Can I File a Car Accident Claim if I Wasn’t Wearing a Seat Belt?

It goes without saying that seat belts reduce the risk of injury and death in the event of an accident. That’s why 49 states—all but New Hampshire—have implemented laws that require operators and passengers to wear seat belts when riding in a moving vehicle.

Fortunately, if you were unrestrained at the time of your collision, you may still be entitled to compensation for medical bills and other damages. That said, the insurance company might argue that your choice not to wear a seat belt makes you partially liable for your damages.

Read on to learn the answers to a few FAQs about filing a claim after getting hurt in a crash while unrestrained:

How Might not Wearing a Seat Belt Impact the Outcome of my Car Accident Claim?

Insurers have incentive to find reasons to deny or reduce the value of every claim that comes their way. The less money they have to pay out, the higher their profits, so you can expect the claims adjuster to consider all possible options for disputing your claim.

If you weren’t wearing a seat belt at the time of the collision, the insurance adjuster will likely use that fact to argue that you are at least partially liable for the severity of your injuries. Since Florida follows a pure comparative fault system, that means your final payout could be reduced by your own percentage of fault.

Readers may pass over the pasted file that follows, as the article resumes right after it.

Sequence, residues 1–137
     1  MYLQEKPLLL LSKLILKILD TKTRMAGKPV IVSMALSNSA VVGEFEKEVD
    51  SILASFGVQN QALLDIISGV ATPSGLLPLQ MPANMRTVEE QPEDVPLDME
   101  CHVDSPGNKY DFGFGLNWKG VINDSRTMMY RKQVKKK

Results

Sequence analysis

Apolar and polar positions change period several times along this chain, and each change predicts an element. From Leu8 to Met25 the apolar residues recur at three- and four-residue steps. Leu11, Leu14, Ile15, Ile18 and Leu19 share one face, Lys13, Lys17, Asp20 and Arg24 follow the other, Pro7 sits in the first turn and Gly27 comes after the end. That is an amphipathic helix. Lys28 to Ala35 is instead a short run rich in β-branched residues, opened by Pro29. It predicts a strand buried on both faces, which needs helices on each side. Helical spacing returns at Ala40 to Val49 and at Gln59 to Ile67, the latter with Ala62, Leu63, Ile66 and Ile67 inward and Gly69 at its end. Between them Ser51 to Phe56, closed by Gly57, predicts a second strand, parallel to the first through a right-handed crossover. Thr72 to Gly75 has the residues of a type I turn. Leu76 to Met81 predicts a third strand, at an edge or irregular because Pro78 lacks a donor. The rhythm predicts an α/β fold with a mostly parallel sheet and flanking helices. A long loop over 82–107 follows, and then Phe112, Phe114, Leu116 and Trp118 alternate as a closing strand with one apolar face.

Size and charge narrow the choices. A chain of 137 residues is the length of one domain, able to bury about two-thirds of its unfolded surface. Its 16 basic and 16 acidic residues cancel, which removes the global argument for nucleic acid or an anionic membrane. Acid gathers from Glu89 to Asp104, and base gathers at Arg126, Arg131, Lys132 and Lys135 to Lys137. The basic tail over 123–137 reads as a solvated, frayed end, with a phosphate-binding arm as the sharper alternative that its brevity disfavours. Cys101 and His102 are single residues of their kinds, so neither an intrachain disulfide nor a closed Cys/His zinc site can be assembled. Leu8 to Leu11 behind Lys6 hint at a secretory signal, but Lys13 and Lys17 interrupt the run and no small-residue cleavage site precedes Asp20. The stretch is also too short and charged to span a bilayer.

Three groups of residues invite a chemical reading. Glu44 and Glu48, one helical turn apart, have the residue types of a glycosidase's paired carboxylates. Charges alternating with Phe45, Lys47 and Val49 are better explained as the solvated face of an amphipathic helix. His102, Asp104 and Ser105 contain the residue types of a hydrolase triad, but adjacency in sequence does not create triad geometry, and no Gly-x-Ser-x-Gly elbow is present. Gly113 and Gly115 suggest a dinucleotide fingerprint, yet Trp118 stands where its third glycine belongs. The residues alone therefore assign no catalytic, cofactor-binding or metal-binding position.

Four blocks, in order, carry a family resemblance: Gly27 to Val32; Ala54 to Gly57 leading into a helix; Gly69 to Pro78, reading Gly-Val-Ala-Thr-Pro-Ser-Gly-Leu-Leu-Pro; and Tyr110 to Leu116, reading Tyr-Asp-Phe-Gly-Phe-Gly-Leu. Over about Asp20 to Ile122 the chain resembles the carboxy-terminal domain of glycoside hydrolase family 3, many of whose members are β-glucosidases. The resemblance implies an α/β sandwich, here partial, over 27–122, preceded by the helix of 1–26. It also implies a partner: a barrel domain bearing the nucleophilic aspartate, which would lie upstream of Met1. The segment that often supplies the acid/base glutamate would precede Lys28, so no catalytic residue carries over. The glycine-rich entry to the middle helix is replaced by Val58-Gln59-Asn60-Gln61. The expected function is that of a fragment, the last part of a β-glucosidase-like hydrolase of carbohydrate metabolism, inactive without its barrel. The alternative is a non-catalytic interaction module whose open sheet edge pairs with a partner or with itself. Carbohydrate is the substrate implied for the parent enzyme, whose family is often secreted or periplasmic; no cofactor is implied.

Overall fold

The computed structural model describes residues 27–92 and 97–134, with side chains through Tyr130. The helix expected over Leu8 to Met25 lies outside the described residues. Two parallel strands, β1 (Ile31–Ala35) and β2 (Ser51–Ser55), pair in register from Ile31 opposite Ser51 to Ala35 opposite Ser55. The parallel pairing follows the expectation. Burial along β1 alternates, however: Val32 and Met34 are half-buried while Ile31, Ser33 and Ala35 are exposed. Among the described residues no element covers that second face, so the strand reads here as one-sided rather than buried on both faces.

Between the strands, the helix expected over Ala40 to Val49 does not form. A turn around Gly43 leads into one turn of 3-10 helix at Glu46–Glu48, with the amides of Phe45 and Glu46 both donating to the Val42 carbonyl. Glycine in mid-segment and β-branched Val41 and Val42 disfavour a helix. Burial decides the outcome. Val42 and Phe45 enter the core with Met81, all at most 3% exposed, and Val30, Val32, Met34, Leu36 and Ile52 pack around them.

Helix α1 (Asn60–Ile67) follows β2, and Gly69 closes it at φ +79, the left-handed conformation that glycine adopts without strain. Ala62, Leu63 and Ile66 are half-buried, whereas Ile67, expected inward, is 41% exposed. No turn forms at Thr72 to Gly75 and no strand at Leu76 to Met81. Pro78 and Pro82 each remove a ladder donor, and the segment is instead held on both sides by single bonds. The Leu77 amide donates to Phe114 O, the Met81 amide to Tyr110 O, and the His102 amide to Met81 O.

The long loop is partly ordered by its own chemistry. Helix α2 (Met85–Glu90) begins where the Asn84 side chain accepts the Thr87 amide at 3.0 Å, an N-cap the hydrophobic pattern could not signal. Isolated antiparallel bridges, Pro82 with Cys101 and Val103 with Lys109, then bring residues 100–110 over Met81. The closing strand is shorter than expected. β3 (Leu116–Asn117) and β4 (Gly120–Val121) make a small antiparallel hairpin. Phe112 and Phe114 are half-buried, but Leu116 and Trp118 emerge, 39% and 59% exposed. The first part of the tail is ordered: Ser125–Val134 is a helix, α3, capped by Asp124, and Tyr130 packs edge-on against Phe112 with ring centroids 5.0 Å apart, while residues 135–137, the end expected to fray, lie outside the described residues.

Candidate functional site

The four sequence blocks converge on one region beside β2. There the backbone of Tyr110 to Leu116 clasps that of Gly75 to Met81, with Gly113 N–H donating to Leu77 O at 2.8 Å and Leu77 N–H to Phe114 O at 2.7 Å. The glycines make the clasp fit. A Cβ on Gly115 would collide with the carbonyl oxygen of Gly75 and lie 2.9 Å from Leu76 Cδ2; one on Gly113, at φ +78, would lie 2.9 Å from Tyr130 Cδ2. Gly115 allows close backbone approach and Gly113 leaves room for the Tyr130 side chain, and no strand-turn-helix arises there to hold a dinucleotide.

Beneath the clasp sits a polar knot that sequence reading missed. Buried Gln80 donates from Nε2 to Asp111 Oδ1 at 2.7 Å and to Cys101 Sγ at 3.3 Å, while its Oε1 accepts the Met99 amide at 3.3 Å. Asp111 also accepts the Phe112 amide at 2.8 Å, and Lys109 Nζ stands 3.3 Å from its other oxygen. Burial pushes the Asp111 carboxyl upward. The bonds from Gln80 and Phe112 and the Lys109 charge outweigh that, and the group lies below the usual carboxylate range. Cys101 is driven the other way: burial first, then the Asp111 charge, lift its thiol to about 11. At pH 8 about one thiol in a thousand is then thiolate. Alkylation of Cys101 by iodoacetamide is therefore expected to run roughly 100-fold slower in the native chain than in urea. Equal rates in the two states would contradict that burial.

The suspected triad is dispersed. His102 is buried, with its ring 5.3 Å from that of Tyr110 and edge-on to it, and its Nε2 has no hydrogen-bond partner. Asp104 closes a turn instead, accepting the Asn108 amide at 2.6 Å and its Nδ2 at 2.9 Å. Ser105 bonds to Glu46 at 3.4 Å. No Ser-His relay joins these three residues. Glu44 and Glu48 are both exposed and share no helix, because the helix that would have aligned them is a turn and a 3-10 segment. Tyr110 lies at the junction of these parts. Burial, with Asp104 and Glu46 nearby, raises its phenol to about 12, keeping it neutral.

Fortunately, there are steps your attorney may be able to take to overcome such a dispute. For instance, if your injuries would have been just as severe if you had been restrained, your attorney can gather evidence and possibly bring in accident reconstruction experts and medical specialists to provide testimony.

How Long Will it Take to Resolve my Case?

Unfortunately, there’s no standard timeline for resolving car accident claims, and in cases involving liability disputes, delays are common. If you turn to a seasoned personal injury lawyer, though, you can rely on your legal team to anticipate such delays and take steps to avoid them.

What Kinds of Damages Might be Recoverable?

In the state of Florida, car accident victims may be able to pursue the following damages:

  • Medical expenses;
  • Lost wages;
  • Lost benefits;
  • Loss of future earning capacity;
  • Property damage;
  • Home and vehicle modifications;
  • Alternative transportation;
  • Home care;
  • Child care and domestic help;
  • Pain and suffering;
  • Loss of enjoyment of life;
  • Emotional distress;
  • Loss of consortium; and
  • Punitive damages, if the defendant acted with intentional malice or gross negligence.